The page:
The Art of Gardening
Choosing Concrete Statuary
When you mention the words " concrete statuary" what typically comes to mind? Garden gnomes? Birdbaths? Maybe it's a St. Francis statue or the woodland deer. No matter what statuary in your garden means, there are lots of ways to use it and good reasons to have it.
Statuary has a way of lending a little or a lot of whimsy to your garden. On a stylistic note, you can use whimsical characters in your garden, be they gnomes, birds or other woodland creatures to enhance a particular feel or aesthetic look that caters to your personality.
That's not to say that you need several pieces to achieve that look. If you are trying to create a Zen-like feel of a Japanese-inspired space, perhaps all you need to go with that sculpted pine tree is the simplicity of a Japanese lantern. What about adding a seated Buddha or a bench for contemplation? The idea here is that through the simple addition of one or two pieces you can effectively create a strong aesthetic design.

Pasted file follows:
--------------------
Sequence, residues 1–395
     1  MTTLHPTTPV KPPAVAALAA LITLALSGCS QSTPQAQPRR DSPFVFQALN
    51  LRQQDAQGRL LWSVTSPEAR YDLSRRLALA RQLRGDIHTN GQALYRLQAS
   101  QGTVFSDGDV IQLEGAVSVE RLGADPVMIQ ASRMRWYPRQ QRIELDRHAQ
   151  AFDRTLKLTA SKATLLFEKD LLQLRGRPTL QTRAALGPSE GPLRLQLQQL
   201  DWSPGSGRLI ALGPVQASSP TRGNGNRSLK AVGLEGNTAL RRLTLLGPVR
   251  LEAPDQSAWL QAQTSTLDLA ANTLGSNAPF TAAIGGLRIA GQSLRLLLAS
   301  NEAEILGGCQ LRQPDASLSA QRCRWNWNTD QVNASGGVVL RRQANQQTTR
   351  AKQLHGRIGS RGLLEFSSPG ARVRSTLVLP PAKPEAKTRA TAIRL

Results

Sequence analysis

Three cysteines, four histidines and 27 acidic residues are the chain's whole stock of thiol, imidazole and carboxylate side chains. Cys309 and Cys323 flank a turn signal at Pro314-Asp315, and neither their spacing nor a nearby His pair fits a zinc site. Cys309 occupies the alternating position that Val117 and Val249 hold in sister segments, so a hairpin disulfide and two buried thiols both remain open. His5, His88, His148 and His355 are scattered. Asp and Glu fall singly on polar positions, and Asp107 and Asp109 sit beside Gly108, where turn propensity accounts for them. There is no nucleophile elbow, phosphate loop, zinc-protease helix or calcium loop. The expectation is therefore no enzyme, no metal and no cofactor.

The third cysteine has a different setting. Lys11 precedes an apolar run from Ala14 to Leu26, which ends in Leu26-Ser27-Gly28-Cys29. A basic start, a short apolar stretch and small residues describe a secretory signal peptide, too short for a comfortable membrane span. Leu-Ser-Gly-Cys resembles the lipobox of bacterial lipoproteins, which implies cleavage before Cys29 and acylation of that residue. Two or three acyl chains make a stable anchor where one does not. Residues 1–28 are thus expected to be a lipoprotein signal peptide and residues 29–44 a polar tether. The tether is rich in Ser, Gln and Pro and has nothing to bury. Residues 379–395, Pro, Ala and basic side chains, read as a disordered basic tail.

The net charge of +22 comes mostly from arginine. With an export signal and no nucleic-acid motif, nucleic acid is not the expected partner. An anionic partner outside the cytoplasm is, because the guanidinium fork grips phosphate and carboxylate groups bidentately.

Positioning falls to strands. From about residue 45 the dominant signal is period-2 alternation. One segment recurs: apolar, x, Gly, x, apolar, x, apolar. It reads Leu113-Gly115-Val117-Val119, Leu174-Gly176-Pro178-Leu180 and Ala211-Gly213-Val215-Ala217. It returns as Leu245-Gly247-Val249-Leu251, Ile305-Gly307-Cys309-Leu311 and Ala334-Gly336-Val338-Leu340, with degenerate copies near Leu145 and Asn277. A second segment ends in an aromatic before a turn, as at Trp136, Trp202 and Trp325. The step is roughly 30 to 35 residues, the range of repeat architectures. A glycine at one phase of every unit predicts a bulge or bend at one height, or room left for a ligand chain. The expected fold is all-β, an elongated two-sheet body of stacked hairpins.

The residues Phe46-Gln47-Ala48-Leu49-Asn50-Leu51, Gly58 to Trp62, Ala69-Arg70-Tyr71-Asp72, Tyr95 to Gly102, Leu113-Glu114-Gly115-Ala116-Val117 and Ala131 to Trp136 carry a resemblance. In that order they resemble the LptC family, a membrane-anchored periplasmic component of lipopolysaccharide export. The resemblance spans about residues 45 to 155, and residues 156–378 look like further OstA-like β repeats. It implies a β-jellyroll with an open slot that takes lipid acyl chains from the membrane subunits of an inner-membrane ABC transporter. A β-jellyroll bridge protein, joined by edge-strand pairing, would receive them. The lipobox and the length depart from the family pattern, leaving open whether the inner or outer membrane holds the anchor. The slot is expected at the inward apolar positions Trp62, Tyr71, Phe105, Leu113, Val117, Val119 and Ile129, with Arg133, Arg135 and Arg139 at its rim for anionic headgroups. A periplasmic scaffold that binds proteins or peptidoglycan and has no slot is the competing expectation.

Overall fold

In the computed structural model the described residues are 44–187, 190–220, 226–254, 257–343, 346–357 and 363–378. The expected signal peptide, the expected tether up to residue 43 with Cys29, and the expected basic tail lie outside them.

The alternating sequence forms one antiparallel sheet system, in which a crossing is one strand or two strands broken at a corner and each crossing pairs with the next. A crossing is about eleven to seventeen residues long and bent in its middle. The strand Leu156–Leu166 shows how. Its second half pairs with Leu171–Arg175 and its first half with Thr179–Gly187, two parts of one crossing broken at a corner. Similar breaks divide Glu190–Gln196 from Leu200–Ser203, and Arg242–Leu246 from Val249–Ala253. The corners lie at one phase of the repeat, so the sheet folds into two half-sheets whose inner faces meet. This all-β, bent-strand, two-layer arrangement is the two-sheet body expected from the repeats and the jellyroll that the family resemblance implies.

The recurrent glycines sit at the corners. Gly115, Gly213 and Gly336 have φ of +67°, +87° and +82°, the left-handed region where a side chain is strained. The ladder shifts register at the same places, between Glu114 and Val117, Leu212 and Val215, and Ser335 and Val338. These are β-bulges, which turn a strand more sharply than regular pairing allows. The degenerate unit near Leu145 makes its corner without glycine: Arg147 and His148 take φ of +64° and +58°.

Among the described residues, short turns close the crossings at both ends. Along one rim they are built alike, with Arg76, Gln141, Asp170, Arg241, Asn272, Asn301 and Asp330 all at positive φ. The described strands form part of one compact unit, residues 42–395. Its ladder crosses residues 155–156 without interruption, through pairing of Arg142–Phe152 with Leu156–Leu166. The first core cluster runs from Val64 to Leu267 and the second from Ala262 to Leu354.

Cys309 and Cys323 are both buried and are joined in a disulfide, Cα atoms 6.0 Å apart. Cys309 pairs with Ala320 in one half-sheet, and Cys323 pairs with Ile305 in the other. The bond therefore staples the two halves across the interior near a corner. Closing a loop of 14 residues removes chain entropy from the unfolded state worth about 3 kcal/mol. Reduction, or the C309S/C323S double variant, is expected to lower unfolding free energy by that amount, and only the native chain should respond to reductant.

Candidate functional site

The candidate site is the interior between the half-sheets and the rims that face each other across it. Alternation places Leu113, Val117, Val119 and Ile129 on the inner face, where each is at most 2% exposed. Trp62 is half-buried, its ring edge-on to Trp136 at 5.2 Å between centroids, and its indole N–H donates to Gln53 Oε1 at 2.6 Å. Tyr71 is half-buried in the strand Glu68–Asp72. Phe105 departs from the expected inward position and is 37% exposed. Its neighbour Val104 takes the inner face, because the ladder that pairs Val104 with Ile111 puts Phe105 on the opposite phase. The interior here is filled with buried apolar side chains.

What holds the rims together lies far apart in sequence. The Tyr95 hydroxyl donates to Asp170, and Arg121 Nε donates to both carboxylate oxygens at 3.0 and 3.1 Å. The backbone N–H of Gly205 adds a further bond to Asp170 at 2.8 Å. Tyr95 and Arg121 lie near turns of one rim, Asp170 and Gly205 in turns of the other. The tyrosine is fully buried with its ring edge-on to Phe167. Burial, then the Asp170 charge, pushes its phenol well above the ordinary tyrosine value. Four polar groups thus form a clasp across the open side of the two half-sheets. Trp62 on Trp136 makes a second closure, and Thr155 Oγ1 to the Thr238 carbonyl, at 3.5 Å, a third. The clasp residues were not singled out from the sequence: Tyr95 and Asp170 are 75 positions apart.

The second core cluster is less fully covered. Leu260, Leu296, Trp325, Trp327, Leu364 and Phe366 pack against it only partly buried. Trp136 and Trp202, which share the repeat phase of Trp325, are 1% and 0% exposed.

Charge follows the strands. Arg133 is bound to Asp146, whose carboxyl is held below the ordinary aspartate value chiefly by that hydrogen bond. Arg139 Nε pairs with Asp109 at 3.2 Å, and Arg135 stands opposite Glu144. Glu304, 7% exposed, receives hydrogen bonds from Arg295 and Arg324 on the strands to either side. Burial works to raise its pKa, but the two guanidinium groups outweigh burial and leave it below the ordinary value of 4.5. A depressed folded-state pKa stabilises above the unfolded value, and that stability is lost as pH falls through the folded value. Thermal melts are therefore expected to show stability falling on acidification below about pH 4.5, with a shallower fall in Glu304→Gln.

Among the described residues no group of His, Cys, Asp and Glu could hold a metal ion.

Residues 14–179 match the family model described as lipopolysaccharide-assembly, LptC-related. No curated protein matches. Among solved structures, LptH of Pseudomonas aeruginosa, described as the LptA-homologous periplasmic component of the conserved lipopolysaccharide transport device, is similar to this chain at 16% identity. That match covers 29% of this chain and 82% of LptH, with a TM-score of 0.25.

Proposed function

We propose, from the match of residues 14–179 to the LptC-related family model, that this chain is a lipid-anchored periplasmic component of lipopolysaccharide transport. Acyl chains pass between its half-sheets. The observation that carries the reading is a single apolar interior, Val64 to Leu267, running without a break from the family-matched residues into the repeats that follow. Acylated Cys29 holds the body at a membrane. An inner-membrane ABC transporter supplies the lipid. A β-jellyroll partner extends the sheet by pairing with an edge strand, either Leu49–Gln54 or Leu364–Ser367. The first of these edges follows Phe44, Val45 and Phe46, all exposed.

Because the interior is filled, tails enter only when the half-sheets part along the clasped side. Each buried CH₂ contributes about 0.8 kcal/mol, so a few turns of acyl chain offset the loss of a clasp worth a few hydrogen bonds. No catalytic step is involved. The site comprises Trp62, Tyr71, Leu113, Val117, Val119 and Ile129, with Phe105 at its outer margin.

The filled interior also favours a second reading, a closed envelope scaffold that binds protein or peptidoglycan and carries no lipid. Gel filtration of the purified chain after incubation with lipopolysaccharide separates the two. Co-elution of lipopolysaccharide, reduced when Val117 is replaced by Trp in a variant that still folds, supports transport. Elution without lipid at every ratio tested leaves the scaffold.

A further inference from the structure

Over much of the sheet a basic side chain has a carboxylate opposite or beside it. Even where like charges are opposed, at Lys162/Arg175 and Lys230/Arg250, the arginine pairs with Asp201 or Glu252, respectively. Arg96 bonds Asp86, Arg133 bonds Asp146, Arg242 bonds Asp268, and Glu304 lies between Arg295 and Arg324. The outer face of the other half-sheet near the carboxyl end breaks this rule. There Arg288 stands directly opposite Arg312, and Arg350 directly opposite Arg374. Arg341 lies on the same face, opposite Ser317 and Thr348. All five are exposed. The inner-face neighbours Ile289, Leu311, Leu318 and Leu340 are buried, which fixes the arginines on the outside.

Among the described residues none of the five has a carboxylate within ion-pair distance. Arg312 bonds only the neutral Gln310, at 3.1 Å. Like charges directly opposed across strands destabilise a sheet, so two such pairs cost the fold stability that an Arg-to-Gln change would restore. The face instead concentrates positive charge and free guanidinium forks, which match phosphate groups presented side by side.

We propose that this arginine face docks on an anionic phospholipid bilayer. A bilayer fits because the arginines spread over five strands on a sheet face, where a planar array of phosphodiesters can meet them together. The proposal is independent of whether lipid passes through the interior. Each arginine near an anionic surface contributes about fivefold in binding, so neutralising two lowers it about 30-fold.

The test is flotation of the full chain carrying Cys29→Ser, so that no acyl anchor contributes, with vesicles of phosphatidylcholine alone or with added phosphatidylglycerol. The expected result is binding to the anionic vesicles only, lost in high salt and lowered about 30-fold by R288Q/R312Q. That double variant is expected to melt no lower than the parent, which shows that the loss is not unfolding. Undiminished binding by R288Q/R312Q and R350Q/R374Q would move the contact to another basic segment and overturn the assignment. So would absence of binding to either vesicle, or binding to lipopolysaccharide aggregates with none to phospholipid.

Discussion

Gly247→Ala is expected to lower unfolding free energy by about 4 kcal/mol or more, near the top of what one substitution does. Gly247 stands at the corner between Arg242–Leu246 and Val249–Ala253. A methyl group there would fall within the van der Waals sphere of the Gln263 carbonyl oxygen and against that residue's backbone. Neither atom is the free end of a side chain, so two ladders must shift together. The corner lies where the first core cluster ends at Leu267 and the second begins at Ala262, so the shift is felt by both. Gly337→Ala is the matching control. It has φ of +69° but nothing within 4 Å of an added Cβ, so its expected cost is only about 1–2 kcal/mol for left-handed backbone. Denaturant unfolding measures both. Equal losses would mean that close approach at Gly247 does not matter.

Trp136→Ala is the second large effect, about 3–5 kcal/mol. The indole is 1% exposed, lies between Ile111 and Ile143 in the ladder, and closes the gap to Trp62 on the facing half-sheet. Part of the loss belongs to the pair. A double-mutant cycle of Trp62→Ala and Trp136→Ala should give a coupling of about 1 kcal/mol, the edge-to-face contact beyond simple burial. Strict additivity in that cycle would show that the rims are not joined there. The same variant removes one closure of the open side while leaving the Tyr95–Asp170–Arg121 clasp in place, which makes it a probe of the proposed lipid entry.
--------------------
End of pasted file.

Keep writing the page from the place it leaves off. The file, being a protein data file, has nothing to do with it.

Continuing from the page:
In classical garden design, there was always the presence of strong architectural pieces to lend weight and dimension to the spaces. While very few of us have the ability to create large-scale designs like those of the past, we can still enhance the spaces that we do have by mimicking those techniques. There are many recreations of classic garden art that are considerably scaled down to better fit the modern day urban setting; everything from columns and urns to neo-classical forms of Greek gods and other mythical beings.
Maybe you need a cleaner, less thematic space, one with clean lines and simple shapes. Statuary has evolved to include postmodern tastes and eclecticism with rounded and cubist shapes in planters, statues, and even water features.
As the buyer for statuary at Sky Nursery, I'm always looking for new and interesting items to bring to our store. We have great sources for statuary and we'll try to meet any need you might have through custom ordering from our vendors.
By Joe Abken
Skylights Autumn 2007, Vol 22, No. 3
articles on the art of gardening